In the Roman Catholic Church, an oratory is a semi-public place of worship constructed for the benefit of a group of persons (Code of Canon law, can. 1223). Other faithful may attend the church under certain circumstances. An oratory is more private than a church, since in a church everyone has a right to attend. It is, however, more public than a chapel since only the owners of a chapel have the right of entrance.
The Gallarus Oratory is situated on the Dingle Peninsula near Ballyferriter in County Kerry, Ireland. (Bally [baile], meaning "town" in the Irish language ) Although I did a bit of a search for the name 'Gallarus', I found nothing, so I have no idea what that name means. Regardless, the Gallarus Oratory is a very interesting bit of ancient architecture. The boat-shaped building can sometimes be traced to early Viking times, the earliest of which was excavated at an 11th-Century site in southern Jutland.
Click on any image for a larger view.
From The Golden Age Project
The Gallarus Oratory is believed to be a product, perhaps, of the 6th to the 8th century. Nobody really knows for sure. Even it's designation as a place of Christian worship is uncertain. But it's placement, and the existence of a small stone, engraved with an Irish cross, nearby, make it probable. As early as the 6th century, monastic settlements were built in remote areas of Ireland. And this windwswept place is certainly remote, even today.
This small oratory, built without mortar, uses corbel vaulting, a technique developed by Neolithic tomb-makers. It is dimly lit, with only a tiny window opposite the entrance door. Shaped like an upturned boat, this miniature church overlooks the harbour at Ard na Caithne (formerly also called Smerwick) on the Dingle Peninsula.
It is built with the stones being laid at a slight angle, lower on the outside than on the inside, allowing rainwater to run off. This design has kept the interior relatively dry, despite the lack of mortaring, allowing the building to stay in excellent condition.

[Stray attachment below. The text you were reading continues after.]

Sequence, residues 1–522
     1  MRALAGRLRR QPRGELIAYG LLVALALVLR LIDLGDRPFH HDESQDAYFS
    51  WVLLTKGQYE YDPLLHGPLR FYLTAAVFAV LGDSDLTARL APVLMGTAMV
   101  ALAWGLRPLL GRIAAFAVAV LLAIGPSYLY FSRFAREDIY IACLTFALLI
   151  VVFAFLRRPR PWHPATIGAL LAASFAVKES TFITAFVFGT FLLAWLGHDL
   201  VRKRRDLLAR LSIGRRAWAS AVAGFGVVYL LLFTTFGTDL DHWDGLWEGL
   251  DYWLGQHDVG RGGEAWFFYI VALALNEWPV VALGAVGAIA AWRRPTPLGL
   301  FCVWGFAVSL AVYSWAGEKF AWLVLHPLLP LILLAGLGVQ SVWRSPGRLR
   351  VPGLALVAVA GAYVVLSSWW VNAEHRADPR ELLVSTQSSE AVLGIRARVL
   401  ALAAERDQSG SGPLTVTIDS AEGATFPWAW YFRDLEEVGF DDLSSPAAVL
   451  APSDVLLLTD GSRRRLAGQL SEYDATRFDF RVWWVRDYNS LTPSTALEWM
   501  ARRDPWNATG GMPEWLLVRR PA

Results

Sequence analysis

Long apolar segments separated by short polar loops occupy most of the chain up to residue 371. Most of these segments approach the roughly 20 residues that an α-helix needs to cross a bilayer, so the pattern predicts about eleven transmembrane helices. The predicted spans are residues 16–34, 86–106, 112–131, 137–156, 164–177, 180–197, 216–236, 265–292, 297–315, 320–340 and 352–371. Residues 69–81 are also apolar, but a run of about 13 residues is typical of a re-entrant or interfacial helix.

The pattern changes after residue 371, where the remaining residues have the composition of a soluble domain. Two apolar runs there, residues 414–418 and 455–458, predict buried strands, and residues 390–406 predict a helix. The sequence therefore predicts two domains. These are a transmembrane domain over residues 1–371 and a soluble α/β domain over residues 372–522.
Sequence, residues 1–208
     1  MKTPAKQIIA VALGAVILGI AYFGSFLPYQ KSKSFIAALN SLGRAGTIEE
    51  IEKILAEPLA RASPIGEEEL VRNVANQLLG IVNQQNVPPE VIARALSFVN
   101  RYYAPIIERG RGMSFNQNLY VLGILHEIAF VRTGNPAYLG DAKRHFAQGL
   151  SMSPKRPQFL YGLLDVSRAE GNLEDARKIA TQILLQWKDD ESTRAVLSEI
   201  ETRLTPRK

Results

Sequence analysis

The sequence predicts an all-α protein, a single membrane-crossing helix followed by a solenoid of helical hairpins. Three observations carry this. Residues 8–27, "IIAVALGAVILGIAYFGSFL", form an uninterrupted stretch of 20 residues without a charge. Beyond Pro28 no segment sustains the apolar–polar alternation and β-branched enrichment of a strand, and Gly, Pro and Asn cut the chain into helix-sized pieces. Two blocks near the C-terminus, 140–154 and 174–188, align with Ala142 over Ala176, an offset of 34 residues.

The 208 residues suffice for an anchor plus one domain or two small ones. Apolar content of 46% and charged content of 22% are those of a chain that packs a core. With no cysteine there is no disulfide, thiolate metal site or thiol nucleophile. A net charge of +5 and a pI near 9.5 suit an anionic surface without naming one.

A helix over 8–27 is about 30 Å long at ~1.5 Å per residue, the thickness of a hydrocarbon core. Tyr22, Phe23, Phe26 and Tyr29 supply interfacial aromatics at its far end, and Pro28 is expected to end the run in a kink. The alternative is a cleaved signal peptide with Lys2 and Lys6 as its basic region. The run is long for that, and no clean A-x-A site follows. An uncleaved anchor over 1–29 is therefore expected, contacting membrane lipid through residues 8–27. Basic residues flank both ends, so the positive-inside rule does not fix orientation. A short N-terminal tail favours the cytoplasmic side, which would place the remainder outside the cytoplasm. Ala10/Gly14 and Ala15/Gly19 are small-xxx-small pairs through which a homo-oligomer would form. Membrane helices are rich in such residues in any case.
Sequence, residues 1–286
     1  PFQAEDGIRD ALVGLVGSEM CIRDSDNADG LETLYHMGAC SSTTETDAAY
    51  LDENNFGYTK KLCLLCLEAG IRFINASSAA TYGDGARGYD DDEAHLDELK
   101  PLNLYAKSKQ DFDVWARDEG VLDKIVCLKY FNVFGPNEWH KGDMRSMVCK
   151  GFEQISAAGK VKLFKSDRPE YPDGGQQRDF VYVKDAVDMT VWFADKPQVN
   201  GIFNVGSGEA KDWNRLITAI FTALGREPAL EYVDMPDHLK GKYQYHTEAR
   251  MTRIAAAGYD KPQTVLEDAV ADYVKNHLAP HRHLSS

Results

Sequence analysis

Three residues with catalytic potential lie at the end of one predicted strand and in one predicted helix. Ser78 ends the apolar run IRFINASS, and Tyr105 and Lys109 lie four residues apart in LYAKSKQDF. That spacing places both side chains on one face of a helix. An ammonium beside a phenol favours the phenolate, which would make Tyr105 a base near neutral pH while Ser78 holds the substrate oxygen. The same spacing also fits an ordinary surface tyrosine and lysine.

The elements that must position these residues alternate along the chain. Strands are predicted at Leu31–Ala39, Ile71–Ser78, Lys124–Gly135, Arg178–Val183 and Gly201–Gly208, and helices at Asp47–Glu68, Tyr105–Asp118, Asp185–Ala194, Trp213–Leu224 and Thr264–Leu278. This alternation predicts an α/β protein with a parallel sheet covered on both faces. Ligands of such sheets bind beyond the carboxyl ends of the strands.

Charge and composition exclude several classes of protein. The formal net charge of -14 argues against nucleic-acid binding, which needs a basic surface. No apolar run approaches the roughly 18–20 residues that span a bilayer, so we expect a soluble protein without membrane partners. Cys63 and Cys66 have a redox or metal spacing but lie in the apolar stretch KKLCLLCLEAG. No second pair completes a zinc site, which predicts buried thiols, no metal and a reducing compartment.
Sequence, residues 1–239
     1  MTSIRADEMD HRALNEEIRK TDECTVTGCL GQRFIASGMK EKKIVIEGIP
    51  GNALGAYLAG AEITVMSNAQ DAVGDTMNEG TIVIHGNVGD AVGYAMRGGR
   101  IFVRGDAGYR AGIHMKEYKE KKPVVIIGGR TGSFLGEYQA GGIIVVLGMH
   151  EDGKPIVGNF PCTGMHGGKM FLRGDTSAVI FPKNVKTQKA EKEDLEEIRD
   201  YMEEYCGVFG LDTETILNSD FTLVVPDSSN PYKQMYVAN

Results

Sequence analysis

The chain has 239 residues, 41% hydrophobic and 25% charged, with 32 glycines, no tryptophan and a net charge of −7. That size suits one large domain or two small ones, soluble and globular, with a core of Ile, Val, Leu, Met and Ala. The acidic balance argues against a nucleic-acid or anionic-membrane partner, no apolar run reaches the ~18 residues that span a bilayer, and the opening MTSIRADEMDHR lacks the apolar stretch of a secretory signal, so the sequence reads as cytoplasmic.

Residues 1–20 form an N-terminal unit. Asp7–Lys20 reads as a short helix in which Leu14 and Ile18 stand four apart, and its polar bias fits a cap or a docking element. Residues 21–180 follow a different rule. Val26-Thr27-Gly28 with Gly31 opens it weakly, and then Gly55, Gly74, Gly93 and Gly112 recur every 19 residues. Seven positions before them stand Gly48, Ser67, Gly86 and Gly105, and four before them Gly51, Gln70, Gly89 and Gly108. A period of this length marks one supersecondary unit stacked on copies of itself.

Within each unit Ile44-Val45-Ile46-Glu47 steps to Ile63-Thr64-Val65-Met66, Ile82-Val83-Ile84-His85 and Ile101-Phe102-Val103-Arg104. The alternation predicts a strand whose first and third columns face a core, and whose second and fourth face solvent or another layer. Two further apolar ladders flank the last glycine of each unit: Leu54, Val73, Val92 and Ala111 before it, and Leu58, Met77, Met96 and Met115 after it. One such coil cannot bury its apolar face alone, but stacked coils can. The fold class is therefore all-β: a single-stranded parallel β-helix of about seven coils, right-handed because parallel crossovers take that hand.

The following images are from Gallarus Oratory, a web page by Brian T. McElherron.
Gallarus Oratory is a fine boat-shaped structure with a narrow doorway with inclined jambs.
It is the only perfect example of its type to survive in Ireland. There is a small round-headed east window. Just above the doorway on the inside are two hinge-stones.
The walls are about 1m thick and internally the oratory measures about 5m by 3m by 5m high.
Close to the building is a stone about 1m high and inscribed with a cross within a ring, as well as some writing. the remains stand within an oval enclosure about 36m by 44m.
It has one doorway, and one window opposite. That east-facing window has a rounded top made of two carved stones (not a true arch). According to local legend, if a person climbs out of the oratory via the window, their soul will be cleansed. This is, however, physically impossible, because the window is approximately 18cm in length and 12cm in width. Some locals, however, claim that babies are passed out through the window, as they have been told it protects the child from ever drowning.
For more images see the Gallarus Oratory page maintained by Mary Ann Sullivan.